Thursdays With Spurgeon—Beautiful Homegoing

This is a weekly series with things I’m reading and pondering from Charles Spurgeon. You can read the original seed thought here, or type “Thursdays With Spurgeon” in the search box to read more entries.

Listen to the podcast of this post by clicking on the player below, and you can also subscribe on AppleSpotify, or Audible. 

Beautiful Homegoing

You shall come to the grave at full age, as a sheaf of grain ripens in its season. (Job 5:26) 

     The Christian’s death is always timely. ‘You shall come to the grave at full age. 

     ‘Ah,’ says one, ‘that is not true. Good people do not live longer than others. The most pious man may die in the prime of his youth.’ But look at my text. It does not say you will come to your grave in old age, but in a ‘full age.’ … All fruits do not get ripe and mellow at the same season. So it is with Christians. They are at a ‘full age’ when God chooses to take them home. … 

     There are two mercies to a Christian. The first is that he will never die too soon. And the second is that he will never die too late. … 

     ‘But,’ say some, ‘how useful might they have been had they lived.’ Ah, but how damaging they might have been! And were it not better to die than to do something afterward that would disgrace them and bring disgrace to the Christian character? Were it not better for them to sleep while their work was going on than to break it down afterward? … 

     Again, the Christian never dies too late. … God is too good a Husbandman to leave His wheat in the field too long and let it shale out. …  

     Now the last thing is that a Christian will die with honor. … I think there are two funerals for every Christian: one is the funeral of the body, and the other of the soul. Funeral, did I say, of the soul? No, I meant not so. I meant not so. It is a marriage of the soul. For as soon as it leaves the body, the angel reapers stand ready to carry it away. They may not bring a fiery chariot as they had for Elijah. But they have their broad spreading wings. I rejoice to believe that angels will come as convoys to the soul across the ethereal plains. … I think the most honorable and glorious thing we will ever behold, next to Christ’s entrance into heaven and His glory there, is the entrance of one of God’s people into heaven.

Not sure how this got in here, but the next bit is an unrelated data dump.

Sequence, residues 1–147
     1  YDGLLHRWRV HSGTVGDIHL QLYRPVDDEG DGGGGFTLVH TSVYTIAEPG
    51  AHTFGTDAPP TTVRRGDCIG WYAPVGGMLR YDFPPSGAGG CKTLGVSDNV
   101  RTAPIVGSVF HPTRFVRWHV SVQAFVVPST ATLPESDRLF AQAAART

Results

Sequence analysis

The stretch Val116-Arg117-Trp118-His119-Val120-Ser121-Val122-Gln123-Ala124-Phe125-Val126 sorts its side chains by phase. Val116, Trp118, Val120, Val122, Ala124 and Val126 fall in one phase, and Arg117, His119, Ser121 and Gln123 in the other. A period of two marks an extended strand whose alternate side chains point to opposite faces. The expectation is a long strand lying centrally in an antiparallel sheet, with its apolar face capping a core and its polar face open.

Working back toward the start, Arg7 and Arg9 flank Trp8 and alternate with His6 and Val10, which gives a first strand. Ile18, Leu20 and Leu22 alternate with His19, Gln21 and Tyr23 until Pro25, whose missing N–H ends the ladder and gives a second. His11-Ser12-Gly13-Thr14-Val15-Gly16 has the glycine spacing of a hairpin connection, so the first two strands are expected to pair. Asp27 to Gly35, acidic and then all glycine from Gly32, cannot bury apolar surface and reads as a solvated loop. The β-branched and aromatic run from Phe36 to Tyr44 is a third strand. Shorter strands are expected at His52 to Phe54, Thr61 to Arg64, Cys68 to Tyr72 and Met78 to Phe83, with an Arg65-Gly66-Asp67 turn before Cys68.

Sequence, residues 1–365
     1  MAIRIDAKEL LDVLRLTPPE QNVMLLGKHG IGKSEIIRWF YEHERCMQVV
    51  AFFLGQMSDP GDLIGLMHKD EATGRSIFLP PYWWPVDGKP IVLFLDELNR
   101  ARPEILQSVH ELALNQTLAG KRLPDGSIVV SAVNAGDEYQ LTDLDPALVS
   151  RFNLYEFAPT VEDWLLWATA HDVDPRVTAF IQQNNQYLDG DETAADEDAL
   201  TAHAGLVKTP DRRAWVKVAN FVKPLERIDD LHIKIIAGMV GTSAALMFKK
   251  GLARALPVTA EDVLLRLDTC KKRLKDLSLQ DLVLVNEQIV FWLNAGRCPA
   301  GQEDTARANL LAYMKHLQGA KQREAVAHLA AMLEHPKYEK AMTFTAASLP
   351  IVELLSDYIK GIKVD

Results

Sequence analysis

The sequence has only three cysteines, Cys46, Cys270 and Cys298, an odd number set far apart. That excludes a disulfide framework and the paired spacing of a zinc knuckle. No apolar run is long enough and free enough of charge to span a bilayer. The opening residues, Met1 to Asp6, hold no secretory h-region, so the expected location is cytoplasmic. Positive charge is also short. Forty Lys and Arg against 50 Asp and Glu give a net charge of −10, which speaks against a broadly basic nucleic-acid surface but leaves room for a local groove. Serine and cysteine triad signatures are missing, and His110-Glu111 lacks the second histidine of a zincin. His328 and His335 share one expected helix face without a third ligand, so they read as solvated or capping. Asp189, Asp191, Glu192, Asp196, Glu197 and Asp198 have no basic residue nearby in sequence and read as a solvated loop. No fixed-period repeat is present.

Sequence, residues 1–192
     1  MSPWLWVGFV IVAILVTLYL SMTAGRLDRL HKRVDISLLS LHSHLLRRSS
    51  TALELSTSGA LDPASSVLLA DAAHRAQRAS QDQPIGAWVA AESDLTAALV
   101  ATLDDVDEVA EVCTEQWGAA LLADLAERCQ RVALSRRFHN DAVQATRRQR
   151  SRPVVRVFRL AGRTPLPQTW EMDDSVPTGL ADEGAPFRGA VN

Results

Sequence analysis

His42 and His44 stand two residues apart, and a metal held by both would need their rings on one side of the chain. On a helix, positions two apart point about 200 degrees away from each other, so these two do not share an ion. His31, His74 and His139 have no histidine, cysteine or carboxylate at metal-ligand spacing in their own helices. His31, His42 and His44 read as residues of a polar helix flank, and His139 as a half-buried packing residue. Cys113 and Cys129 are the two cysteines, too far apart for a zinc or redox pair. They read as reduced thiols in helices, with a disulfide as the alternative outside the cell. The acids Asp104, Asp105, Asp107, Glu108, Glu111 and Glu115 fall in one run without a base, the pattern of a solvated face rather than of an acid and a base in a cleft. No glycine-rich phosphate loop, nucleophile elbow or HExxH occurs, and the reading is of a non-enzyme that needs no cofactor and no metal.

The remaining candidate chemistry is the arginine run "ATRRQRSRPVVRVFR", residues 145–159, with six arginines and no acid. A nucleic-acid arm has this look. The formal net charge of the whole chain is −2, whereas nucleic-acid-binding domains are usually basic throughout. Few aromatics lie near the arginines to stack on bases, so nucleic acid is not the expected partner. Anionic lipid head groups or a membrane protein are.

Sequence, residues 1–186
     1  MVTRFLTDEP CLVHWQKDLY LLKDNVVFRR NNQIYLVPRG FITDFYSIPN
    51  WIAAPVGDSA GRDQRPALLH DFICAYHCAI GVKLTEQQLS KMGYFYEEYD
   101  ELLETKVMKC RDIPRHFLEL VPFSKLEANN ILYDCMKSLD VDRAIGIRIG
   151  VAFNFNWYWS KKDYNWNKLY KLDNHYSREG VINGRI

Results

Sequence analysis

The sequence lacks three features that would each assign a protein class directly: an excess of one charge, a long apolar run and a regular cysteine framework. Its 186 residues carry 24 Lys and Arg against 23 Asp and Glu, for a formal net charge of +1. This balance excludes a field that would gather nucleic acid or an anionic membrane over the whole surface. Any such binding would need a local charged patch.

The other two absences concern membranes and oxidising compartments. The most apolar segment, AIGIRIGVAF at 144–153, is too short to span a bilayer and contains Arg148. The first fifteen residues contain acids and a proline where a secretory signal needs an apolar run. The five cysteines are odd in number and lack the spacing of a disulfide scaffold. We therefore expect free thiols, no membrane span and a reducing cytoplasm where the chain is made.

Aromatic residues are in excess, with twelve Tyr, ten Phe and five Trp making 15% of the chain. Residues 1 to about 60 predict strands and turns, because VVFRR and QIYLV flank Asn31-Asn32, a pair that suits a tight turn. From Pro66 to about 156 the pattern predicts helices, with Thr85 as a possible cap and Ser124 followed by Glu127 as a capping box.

From The Death Of The Christian

As I mentioned last week, this sermon was so providential in its timing for me because my precious mother went Home to be with Jesus just days before I opened to this sermon from Charles Spurgeon. 

We are comforted by the promises Rev. Spurgeon shares because they are based on the truth in God’s Word. “Good people pass away; the godly often die before their time. But no one seems to care or wonder why. No one seems to understand that God is protecting them from the evil to come. For those who follow godly paths will rest in peace when they die” (Isaiah 57:1-2). 

At my Mom’s graveside committal service I shared this—

One of my favorite authors C.S. Lewis made a comment, “You don’t have a soul. You are a soul. You have a body.” 

This part that we called Claudia Owens was just the body that carried around who she really was. What a beautiful soul that we got to experience for 78 years. What shined through was so sweet and graceful and wonderful. What a glimpse we got! But a joy to know that it was only a glimpse. That the part of my Mom that was so beautiful that we got to see, was only a fraction of her full beauty! The part that was really her, that is at Home with her Savior Jesus now is shining in all its brilliance. … 

We will all miss her and we will grieve our loss. But as the apostle Paul reminded us, we don’t grieve as those who have no hope. We know that to be absent from the body is to be present with the Lord. We know that this body is sown perishable ravaged by the disease of cancer, but that my Mom is now in a place with no more tears or disease. We know that the same Savior that prepared a place for Claudia has prepared a place for us.

And we concluded with this prayer that can be offered up for every Christian who has died at their “full age”: 

Heavenly Father, 

We commit this body to the ground with the full assurance that her soul is in your everlasting presence. Holy Spirit, help us in our grief to be reminded of the hope of eternal life that we all share. Thank You, Jesus, for purchasing this hope on which we stand.

As I mentioned last week, if you don’t have this blessed assurance of the marriage of your soul when you take your last breath here on earth, please don’t hesitate to contact me.

►► Would you please prayerfully consider supporting this ministry? ◀︎◀︎

One Response to “Thursdays With Spurgeon—Beautiful Homegoing”

  1. Poetry Saturday—Two For Mom | Craig T. Owens Says:

    […] My Mom passed away on December 26, 2021. My sister and my son each wrote poems in honor of her life. […]

    Like


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